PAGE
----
Clearing away the receipts, letters, and documents that cover my desk I came across my own business card with a woman’s name, Pat, and phone number on the back. It brought back a lot of memories. It’s not what you think. It’s a true story that goes back a ways.
I met Pat seven years ago. With no family in town, Pat, like many others, gathered with others at a neighborhood pub some evenings for conservation, a way to keep loneliness at bay. (For those who work all day only to face an evening alone, 6 p.m. to 8:30 p.m. are the loneliest hours of the day. Meeting others provides a balm.)
yin v. yang
It’s a dance I know by heart, this shifting and swaying from the outward world of human entanglements to an inner place of calm reflection. I’m not sure I could stop this movement if I tried, caught between voices calling cause to action and others from far hillsides beckoning me to run away — to fly away and be freed.
All around are people caught in conflict, their caring inching closer daily to anger, with words unheard, meanings misunderstood, and passions unrequited. On issues local, global, and universal, we have shouting like never before.
reflections of the south
HIGHWAY 501 SC: April. Somewhere near Aynor. Having wrapped up a photo shoot in old Ocean Drive, we drive homeward through wind-driven coastal plain silt. Though dust devils obscure 501, a shimmering red and green mirage breaks through. But it’s no mirage. It’s remembrance. Winds subside, sands drop, and Dean’s Produce emerges next to a cornfield mown to beard-like stubble. Dean’s stand of glinting tin and yellow pine glows with honey, but the incandescent red and green jams gleam like St. Elmo’s fire.
Worthy of Comment
Also on the Dew
No one in his right damn mind pays “you’ve gotta be kiddin’ me” prices to see a movie -- even if it is an advance showing of a major motion picture. I’m willing today because this little excursion is part of my scheme to throw some serious ‘shade’ –- and some serious ‘cool’ --on a despicably hot summer day. I’ve come to the mall multiplex to match wits with Tom Cruise, to see if I can keep up with the on-screen goings-on in the latest installment of Mission Impossible. Just within the mall, but outside the cinema, the conditioned air smells of popcorn and pastry Read on →
Guns were the cause of three recent tragedies in the South, in Lafayette this week, Chattanooga last week, and recently in Charleston, S.C. You wonder where it will happen next. For it will. What we can’t understand is the continual gun violence all across the country, almost every day in big cities, while the American public nonchalantly goes about its routine activities with little effort to curb these unfortunate incidents. Does the American public not recognize what is causing all these problems? Pure and simple, it’s the prevalence of guns, plus our nation’s inability to curtail the power of the National Rifle Association. (We reali Read on →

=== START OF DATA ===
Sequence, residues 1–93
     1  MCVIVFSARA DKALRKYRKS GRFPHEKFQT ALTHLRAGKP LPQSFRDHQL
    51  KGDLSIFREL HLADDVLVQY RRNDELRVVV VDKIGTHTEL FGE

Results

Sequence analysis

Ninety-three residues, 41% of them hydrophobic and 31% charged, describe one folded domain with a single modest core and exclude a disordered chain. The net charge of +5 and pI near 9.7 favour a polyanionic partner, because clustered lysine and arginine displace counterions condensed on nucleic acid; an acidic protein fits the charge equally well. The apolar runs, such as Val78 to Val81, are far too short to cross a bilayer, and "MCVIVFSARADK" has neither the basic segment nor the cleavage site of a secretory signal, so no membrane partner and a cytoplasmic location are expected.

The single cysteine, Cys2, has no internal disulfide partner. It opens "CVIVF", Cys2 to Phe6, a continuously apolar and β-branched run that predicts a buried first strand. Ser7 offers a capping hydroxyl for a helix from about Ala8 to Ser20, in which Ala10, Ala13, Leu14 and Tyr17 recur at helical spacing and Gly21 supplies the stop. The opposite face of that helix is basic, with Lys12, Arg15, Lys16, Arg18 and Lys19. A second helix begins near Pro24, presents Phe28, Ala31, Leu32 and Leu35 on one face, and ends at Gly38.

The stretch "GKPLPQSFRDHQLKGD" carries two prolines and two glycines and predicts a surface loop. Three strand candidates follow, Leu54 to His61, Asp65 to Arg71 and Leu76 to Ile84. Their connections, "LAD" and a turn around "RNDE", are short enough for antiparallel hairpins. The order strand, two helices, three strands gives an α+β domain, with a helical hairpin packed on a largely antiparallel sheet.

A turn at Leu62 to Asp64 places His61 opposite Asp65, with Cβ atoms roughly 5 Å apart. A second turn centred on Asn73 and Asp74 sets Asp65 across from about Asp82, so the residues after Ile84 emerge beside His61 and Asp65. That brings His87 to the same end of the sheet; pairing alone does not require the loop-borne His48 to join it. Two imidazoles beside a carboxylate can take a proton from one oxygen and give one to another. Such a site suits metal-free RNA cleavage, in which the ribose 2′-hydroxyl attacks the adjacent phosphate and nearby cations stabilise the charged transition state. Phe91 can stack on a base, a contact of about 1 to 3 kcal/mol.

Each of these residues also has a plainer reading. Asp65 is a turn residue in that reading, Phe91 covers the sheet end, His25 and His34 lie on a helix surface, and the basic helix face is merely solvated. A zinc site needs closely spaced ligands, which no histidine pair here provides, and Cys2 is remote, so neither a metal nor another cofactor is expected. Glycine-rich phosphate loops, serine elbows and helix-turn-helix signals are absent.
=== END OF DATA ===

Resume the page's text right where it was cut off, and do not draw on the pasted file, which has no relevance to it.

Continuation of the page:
The outcome of Christie's recent auction of General Robert E. Lee's precious navel lint left even the most jaded “Lost Cause” memorabilia mavens gobsmacked and whistling Dixie. Not to mention afflicting many frustrated, heart-broken losing bidders with a temporary paralysis that baffled emergency physicians compared to the old-timey Southern Belle "vapors." This dream-crushing auction loss brutalized their very star and barred souls. The awestruck winner of General Lee’s coveted navel detritus, said that he did not consider himself to be the “owner” of the singular holy Rebel artifact; only its humble and devoted caretaker until the treasure is passed on to the next wors Read on →
Many people say that English is the hardest language to understand because so many words can mean different things and we often need a sentence to explain one word in another language. For example, in the US it is quite common for people to publicly “root for the team.” In other English-speaking countries if you are caught doing that you will be arrested. In Australia to call someone “an old bastard” is a term of endearment. But in some other English-speaking countries it could be the first few words in an argument or the last words before a fight. In the US Read on →